Unequal Opportunities and Inequitable Outcomes: Rethinking Education Finance Policy Design for a Global Society

Unequal Opportunities and Inequitable Outcomes: Rethinking Education Finance Policy Design for a Global Society

Josephine M. LaPlante
Copyright: © 2018 |Pages: 31
DOI: 10.4018/978-1-5225-4177-6.ch016
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This chapter reviews social, economic, and political forces that cause and exacerbate educational disparities across and within states and considers how federal and state education finance policies are contributing to the persistence and growth of differences that deprive some children of needed learning opportunities. Many school finance experts and policy makers believe that providing the same number of dollars for each pupil will purchase similar educational opportunities. However, an expectation that different conditions require schools to spend different per pupil amounts has been guiding analysis in school finance challenges. The efficacy of equalizing per pupil dollars as a strategy for ensuring equal educational opportunity is tested empirically by comparing learning resources across Maine school districts. The results reveal educational resources available in schools where there are larger proportions of needy children are notably lower than those in schools with smaller percentages of needy children.
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Education is unique among public services. Hickrod, Chaudhari, Pruyne, and Meng (1997, p. 53) note that it is the only government function that has its article in every state constitution. They reason: “the founding fathers of every state apparently believed that there was something very special about education that deserved this kind of unique legal treatment in the states’ constitutions.” Ladd and Hansen (1999, p. 67) remind us that the faith of Americans in the power of education persuaded citizens “to create the most comprehensive system of public schooling in the world.” Kramer (2002, p. 1) states: “Education is of critical importance to our nation. Not only does it impart social values and allow children to attain skills necessary to participate in both our labor market and our democracy, but it is the underpinning of our self-image as ‘the land of the free.” Ensuring access to high-quality educational opportunities for all children regardless of place of residence or family income promotes social and economic justice and access to the American Dream. As Rank, Hirschl, and Foster (2014, p.2) describe: “The American Dream has ultimately been about the manner in which our lives unfold and the ability of the individual, no matter where he or she comes from, to exert considerable control and freedom over how that process occurs. In a sense, it is about being able to live out our individual biographies to their fullest extent.”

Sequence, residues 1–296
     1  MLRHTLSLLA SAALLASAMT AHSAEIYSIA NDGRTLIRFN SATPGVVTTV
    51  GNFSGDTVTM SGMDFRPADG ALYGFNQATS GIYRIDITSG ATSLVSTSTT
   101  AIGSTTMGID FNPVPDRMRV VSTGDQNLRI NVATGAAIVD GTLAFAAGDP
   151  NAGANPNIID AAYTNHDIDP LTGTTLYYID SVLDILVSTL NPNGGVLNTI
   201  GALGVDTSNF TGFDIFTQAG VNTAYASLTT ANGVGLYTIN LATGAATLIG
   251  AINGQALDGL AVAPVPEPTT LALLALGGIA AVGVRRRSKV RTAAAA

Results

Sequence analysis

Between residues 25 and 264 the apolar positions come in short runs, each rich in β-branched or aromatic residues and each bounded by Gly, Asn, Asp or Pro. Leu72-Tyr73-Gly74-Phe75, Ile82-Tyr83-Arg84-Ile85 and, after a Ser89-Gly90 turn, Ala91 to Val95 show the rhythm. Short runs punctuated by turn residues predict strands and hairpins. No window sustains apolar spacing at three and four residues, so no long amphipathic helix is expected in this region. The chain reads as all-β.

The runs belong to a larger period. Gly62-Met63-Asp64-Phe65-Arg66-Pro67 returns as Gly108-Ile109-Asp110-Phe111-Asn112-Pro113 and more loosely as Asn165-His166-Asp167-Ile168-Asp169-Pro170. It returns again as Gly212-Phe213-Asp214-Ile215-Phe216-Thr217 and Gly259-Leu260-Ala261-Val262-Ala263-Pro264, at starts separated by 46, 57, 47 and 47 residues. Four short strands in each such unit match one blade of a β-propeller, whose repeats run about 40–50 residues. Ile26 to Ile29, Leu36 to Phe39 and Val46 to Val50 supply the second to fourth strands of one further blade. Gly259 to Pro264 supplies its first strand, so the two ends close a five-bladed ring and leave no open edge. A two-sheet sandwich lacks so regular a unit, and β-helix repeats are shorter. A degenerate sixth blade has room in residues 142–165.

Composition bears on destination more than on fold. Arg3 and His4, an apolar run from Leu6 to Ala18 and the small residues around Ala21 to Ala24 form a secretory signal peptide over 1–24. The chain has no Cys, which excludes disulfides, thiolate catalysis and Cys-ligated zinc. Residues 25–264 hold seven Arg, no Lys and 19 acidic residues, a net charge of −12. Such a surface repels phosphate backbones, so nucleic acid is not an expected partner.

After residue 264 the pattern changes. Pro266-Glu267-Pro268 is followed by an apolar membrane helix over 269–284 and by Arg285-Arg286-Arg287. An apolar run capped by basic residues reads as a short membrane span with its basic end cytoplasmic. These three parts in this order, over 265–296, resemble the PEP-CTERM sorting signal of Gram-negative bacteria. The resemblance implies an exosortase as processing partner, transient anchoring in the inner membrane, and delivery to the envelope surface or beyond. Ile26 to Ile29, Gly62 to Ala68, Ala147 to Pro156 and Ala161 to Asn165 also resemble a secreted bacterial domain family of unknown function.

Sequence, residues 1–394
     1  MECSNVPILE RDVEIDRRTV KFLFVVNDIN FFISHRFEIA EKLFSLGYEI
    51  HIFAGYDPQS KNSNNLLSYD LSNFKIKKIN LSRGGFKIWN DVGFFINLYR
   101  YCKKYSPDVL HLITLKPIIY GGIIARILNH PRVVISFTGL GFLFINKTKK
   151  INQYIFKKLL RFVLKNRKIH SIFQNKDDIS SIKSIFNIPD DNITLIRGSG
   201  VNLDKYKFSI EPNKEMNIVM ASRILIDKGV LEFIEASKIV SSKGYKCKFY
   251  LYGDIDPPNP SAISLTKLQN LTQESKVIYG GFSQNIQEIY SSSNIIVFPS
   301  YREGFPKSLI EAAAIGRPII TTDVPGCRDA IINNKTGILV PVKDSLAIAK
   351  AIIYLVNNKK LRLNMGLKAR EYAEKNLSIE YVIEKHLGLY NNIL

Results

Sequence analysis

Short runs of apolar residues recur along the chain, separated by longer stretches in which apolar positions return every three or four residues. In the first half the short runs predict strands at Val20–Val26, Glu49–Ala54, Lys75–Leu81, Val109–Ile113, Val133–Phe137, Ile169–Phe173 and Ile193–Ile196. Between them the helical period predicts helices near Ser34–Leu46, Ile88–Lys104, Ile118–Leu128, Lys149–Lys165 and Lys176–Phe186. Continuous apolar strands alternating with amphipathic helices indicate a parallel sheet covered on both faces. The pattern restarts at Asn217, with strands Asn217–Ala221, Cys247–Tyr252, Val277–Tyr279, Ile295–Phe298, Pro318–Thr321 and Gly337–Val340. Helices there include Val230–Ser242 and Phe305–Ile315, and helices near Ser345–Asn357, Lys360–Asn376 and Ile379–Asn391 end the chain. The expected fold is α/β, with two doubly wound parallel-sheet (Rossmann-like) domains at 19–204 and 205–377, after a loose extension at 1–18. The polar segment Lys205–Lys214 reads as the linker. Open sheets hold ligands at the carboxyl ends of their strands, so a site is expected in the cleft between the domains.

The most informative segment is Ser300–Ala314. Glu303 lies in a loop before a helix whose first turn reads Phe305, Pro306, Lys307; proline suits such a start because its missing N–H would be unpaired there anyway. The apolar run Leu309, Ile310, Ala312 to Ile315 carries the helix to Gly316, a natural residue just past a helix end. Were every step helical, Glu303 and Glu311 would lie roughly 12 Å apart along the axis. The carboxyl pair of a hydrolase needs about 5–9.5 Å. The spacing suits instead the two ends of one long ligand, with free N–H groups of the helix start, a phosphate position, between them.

Although most Americans share a vision of personal and social progress, access to the American Dream is increasingly elusive for many (Ladd & Hansen, 1999; Rank, et. al., 2014). Duncan and Murnane (2014, p. 3) contend: “stagnant educational attainment and growing inequality in educational outcomes call into question America’s vision of itself as a land of growth and opportunity.” The United States “leads the developed world in the extent of its income inequality, the depth of poverty, and the concentration of wealth...with the haves becoming fewer and wealthier and the have-nots becoming more numerous and more vulnerable” (Rank, et.al., 2014, p.5). Nobel Prize-winning economist Joseph Stiglitz (2015) echoes and expands upon this depiction of growing imbalance, noting a persistent and strengthening link between the life prospects of young people and their parents' social connections, income, and education levels. Stiglitz (2015) explains that the past thirty-five years have witnessed expanding household income and wealth gaps between those living in poor places and those living in affluent suburbs, with dire consequences for educational opportunities in poor areas.

Children segregated in resource-poor school districts are denied essential learning opportunities. In 1991 author and educator Jonathon Kozol painted a vivid and troubling picture of “savage inequalities” in opportunities available to students attending urban schools. He described truncated curricular offerings that did not prepare children for college, decaying school buildings that lacked essential educational resources like books, students warehoused in large, overcrowded classes, and unqualified teachers who failed to challenge students to learn. The intractability of differential educational conditions “exacerbate educational inequality and limit educational achievement among more disadvantaged populations” (Duncan and Murnane (2011, p. 8). Verstegen (2002, p. 758) advises that abbreviated learning opportunities compound adverse circumstances by “hobbling [students] in securing a viable passport out of poverty: a quality education.” Stiglitz (2015, p. 141) admonishes: “while outright race-based segregation in schools was banned [by the U.S. Supreme Court], in reality, educational segregation has worsened in recent decades.” Rouse and Barrow (2006, p. 116) conclude that “rather than encouraging upward mobility, U.S. public schools tend to reinforce the transmission of low socioeconomic status from parents to children.”

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